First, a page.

Zimbabwe: The end of a dream?

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As Zimbabwe was led down the road of ever increasing violence by its brutal rulers over the past few weeks, the patience of the Movement for Democratic Change (MDC) party and of Morgan Tsvangirai and

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As Zimbabwe was led down the road of ever increasing violence by its brutal rulers over the past few weeks, the patience of the Movement for Democratic Change (MDC) party and of Morgan Tsvangirai and his fellow opposition supporters has finally run out. With more and more people being killed, mercilessly beaten up, maimed and tortured, they finally thought that enough was enough and the Zimbabwean people should not suffer any longer over an election campaign that had been perverted to the very core.

The results of the first election round were, by broad international consensus, clearly stolen by Mugabe’s ZANU-PF in their desperate attempt to hang on to power, causing the run off to become necessary in the first place. The regime and their obviously demented leader then unleashed a barrage of violence, intimidation, threats and hunger on the population, nearly unprecedented in history, not only in Africa but anywhere in the world and threatened a civil war if the opposition would ever come to power.

The result of the pulling out of the MDC – finally decided on Sunday after an agonizing period of deliberations and consultations – now reverberates across democratic Africa and the rest of the world. Robert Mugabe, erstwhile liberator-turned-brutal dictator, has clung on to power in the face of his own people, whom he led to near total ruin over the past 8 years of his 28 years at the helm of his country. His own legacy of having defeated Ian Smith’s apartheid regime – in spite of ongoing murmurs since then about alleged war crimes and crimes against humanity – would have been cast in iron and for eternity, had he stepped aside at the end of the ‘90s, but greed for power overcame the former liberation hero and he now has a place in the bad book of history not much different from other tyrants and despots like Bokassa, Taylor, Mobutu, Mengistu (incidentally in safe exile in Zimbabwe until now) or Banda, besides a few others.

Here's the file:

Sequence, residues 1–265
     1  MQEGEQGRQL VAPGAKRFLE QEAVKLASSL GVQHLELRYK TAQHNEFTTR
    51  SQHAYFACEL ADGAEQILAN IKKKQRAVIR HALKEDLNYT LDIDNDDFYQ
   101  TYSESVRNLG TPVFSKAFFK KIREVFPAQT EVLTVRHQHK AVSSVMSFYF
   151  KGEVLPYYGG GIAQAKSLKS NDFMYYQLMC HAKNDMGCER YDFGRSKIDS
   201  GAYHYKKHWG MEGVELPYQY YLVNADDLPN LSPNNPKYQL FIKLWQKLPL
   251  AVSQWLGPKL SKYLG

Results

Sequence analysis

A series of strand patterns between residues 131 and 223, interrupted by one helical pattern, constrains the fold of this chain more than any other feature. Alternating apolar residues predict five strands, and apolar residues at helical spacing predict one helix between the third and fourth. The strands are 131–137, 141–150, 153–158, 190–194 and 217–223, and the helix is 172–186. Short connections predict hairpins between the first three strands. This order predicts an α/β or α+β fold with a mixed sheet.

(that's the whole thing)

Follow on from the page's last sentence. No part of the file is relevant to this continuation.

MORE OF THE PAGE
The MDC decision yesterday should also be a wake up call for those African countries, and China for that matter, which were and continue to be well near complicit with the illegal regime, having for years at end extended overt and covert support to Mugabe and ignored the desperate plight of the Zimbabwean people with complete disregard to the reality on the ground and open contempt for any democratic principles.